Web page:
We often think when we're writing a program, we think what do we need? What's our input? What are we working on? What do we know?' What we have to do to it and what we want at the end. So, what we wanted at the end from this is, we want to know the average, so when I run this program I want it to tell me that, and how I do that in Python is I do print, and then I say-, I could just print ave. I shall do that for now, just print av, and this looks to me as if it's probably alright. I've added them all together, I've divided by seven and I'm printing it. So, often we find at this point it does an error, but we hope not. It'll ask you to save, if you haven't saved it yet, so I'm going to call this 'Rain.' I've had things called Rain before, so it's just warning me that I am replacing something. So, it did work, it produced me an answer of 2.0, and lots and lots of decimal places. The answer turns up in the shell that you're running with, so what I'm going to do to make it clearer is to put them into two sections, so that we can see them both at once. So, that's the program. This is not a very useful piece of output, it, it tells us that, hopefully the right answer, but it doesn't explain anything, it also has too many decimal places, so we can fix that. Print will let you do lots of things in it, so I'm going to say the average rainfall, that's just a string, a plain string not doing anything. It's going to print that as it is, then it's going to print my av. So, if I do run and see if that works alright. The average rainfall is, so, okay, I want a PS probably and I should say in millimeters, just to make it really good. So, that's that.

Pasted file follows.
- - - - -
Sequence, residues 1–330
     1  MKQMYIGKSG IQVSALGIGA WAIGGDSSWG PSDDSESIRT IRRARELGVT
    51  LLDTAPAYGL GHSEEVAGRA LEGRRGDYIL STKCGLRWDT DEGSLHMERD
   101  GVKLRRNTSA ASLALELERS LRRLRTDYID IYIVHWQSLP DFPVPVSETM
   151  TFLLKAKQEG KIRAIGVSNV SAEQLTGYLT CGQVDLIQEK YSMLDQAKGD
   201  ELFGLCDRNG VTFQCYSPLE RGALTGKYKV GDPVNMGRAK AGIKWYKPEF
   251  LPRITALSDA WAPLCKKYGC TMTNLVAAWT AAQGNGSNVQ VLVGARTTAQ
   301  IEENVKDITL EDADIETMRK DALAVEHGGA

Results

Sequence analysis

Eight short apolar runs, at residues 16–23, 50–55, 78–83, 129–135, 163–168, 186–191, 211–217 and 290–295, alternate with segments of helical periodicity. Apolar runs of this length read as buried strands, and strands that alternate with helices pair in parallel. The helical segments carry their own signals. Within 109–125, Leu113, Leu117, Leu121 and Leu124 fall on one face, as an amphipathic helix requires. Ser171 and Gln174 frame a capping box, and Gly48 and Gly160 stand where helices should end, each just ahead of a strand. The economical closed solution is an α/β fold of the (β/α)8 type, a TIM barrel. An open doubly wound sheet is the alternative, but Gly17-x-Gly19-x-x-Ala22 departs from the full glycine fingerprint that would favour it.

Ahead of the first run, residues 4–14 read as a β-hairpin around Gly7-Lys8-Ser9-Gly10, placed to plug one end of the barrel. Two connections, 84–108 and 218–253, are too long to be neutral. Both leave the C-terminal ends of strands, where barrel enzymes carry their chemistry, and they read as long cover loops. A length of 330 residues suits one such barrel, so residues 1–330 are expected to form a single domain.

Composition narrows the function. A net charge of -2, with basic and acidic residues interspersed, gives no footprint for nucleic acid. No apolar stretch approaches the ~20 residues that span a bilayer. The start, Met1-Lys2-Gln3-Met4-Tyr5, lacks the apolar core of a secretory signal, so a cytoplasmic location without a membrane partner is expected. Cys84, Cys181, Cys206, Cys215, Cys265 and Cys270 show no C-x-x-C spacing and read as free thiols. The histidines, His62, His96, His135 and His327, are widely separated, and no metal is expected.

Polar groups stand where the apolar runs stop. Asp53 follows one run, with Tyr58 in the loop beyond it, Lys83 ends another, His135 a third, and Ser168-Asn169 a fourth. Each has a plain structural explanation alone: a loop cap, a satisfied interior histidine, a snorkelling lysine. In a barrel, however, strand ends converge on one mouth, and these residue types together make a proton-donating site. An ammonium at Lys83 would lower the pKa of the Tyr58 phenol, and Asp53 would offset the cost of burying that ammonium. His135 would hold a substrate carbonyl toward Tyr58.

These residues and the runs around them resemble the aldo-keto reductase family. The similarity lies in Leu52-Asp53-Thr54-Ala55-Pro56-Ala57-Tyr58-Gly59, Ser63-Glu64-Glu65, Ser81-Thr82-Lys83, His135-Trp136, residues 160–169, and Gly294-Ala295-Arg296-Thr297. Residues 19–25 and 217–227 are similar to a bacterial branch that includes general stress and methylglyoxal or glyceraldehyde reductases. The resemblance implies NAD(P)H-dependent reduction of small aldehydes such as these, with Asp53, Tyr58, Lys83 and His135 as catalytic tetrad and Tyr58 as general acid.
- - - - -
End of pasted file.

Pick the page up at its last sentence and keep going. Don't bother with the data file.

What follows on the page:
We also have this slight issue that it doesn't look very professional with all those decimal places, and we can use a built-in Python function called round, to round off our number. So, it can say, 'Round av,' and then you tell it how much you want rounded to, so two is fairly common for that. So, let's have a look what it does now and then you tap the closing bracket for the print, so here. So, run it again, and now it's making a bit more sense. It's saying the average rainfall in millimeters, which we've got in our information, is 2.06, rounded off, so it looks a little bit better. So, that's the first program, and we've, what we've done is, we've opened a file to store our program in. It's made a file called, 'rain.py', I chose the rain bit but Python programs have a .py extension, and when I tell it to run the program it runs through every line doing it one by one, sets these variables, works out the calculation and prints out whatever I've told it to print out in the print. We also used another built-in function, round, to make the output a little bit nicer. There's a lot of things we could improve about this, and we're going to learn to do some of them in the next video. For one thing, this program has its data built into the program and I can't use it, run it on new data, like next week's rainfall measurements, without actually editing the program. So, it would be nice to have something a bit more flexible than that. Okay, so we've seen writing a very simple program in Python.